Quote of the Day:
1. If it’s too good to be true it usually is.
2. Always look at how much the other guy is making when he’s trying to sell you something.
3. Stay away from leverage.
–Warren Buffett, financial rules to live by
Late in 2008, after the bubbles burst, when the “blood was running in the streets”, Warren Buffett made a series of investments. One of the largest was a 10 BILLION DOLLAR (insert pinky into side of mouth as you read that) purchase of Goldman Sachs stock and warrants. 5B went to preferred stock with a 10% dividend and 5B went to the right to purchase 43 million shares of stock at 115 a share. Not long after that, Goldman shares sunk from 125 to 50 and the deal looked pretty bad and Buffett was excoriated by the financial media and blogosphere. But, and you may have heard this in the last day or two, since then Goldman has been printing money. Buffett, who kept loads of cash on the sideline for years leading up to the crash of 2008 before deploying that cash in its wake, now (some are speculating) stands to cash in the 10% dividend, exercise his rights on the warrants and become the majority shareholder in Goldman Sachs.
I don’t know if any of you have read the recent Rolling Stone article on Goldman Sachs and its influence over our economy and over both political parties. You should and I’ll give you another chance here. (Bubble Machine)
The prospect of Buffett taking over this company is one I relish. If he does, we may see our best opportunity for “real change.” Because Buffett believes in an estate tax to keep the super wealthy class from becoming an old world style ruling aristocracy. Buffett believes in making money with real assets, and not novelty vehicles invented in Wall Street boardrooms. He believes in a more fair system of income taxation–raising taxes on the wealthy–noting that in 2006 he paid only 19.1% tax on his income while his employees paid 33%. Just this week I heard him crack that the wealthy who say they will have to reduce their charitable contributions in the wake of a tax increase probably haven’t given more than 12 bucks in their lifetime anyway. He is against the government buying toxic assets of Wall Street banks and instead would support a financial rescue plan that would prevent the institutions responsible for our economic collapse from profiting. “I just think that Wall Street owes the American people one at this point”, he said just this week on Good Morning America. He thinks the first round of stimulus spending was insufficient. He is against the cap and trade bill championed by Democrats and Goldman Sachs because he thinks it is the wrong way to attack global warming. He thinks banks and insurance companies, both of which he is heavily invested in, deserve and need more and new regulations and government oversight. He thinks we were lucky to elect Barack Obama in this time of crisis. All of this, and he is possibly the greatest capitalist in the world.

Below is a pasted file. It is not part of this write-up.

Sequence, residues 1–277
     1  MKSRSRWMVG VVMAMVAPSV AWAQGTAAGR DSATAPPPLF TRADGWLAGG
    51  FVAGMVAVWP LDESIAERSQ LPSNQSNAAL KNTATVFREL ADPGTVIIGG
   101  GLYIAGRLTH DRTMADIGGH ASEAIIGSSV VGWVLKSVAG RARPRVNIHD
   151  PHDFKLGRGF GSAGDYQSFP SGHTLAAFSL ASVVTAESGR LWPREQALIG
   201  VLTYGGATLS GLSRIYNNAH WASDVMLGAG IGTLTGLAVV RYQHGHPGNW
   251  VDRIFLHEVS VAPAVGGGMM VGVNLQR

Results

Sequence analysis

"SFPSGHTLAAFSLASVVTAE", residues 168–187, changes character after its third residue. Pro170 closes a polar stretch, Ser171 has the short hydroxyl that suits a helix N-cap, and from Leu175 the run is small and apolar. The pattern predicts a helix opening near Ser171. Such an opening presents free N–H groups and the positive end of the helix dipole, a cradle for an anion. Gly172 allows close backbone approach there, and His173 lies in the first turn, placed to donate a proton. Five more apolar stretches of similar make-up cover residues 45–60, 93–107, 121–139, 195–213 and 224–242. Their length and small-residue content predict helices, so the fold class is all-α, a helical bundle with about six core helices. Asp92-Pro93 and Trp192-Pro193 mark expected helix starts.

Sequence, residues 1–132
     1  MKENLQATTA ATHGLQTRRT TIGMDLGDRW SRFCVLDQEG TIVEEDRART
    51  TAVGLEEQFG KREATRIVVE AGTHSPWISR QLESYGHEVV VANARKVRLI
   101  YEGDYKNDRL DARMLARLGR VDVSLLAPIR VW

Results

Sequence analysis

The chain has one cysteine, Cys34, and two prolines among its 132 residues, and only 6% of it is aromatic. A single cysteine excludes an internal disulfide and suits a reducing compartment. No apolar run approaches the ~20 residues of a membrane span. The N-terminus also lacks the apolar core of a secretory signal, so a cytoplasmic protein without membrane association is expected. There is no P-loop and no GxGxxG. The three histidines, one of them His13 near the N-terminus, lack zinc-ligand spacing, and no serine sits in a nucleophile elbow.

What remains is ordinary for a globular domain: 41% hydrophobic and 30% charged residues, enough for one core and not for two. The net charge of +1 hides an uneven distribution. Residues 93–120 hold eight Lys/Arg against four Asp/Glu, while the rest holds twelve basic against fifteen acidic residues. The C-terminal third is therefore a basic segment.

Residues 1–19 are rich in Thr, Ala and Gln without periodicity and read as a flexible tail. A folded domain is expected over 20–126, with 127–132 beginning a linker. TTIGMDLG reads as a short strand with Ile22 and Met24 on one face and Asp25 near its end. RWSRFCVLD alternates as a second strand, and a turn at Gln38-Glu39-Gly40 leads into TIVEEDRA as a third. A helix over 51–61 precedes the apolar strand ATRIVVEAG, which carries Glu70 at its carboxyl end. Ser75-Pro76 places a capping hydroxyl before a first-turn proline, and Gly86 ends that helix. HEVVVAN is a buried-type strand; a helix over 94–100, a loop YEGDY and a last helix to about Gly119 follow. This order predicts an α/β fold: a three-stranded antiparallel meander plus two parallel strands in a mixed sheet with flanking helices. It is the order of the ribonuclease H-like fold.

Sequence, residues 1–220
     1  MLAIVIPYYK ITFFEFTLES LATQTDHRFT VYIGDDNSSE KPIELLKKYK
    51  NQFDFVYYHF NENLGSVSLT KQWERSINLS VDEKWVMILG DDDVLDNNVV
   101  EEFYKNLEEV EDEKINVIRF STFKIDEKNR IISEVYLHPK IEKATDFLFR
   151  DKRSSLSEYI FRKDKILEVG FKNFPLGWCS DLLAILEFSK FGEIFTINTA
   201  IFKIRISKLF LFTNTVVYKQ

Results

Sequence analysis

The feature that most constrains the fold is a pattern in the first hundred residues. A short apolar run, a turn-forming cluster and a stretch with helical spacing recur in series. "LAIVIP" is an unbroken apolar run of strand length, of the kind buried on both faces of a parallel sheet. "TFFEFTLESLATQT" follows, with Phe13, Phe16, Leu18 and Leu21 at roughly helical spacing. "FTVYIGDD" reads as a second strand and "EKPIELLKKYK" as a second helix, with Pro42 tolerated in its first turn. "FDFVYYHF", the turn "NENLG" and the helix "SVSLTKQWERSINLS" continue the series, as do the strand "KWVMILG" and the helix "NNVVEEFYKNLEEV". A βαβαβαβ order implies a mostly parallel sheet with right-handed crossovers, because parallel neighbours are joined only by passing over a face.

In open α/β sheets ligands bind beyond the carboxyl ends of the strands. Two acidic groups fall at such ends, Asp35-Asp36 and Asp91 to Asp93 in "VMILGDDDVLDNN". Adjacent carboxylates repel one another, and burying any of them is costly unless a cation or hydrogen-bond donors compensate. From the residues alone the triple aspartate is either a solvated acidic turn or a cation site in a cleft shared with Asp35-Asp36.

I don’t mean to say I agree with Buffett on every point. But I like the way he approaches issues. Case in point–Buffett supports caps on lawsuit awards in malpractice cases. I completely disagree. However, in supporting his opinion, Buffett acknowledges his uncertainty of the position if he were a victim and notes that in the grand scheme the limits are virtually meaningless as a cost driver in our health care cost crisis (1/2 of 1 percent). Though I disagree with his conclusion, I respect the fact that his reasons opposed to mine are not based on false propaganda and buzz words, and that he can see both sides of the issue.
Will Buffett’s views on social and economic justice change Goldman Sachs’ steering on the direction of our economy? I don’t know. But if he becomes the controlling force behind the institution that is the alleged controlling force of our national economy and the direction of our national economic policy, I will be watching carefully for “real change.”
A couple of links on PhilosoBuffettism, recent and straight from the Oracle himself, that go beyond what I’ve mentioned, if you are interested: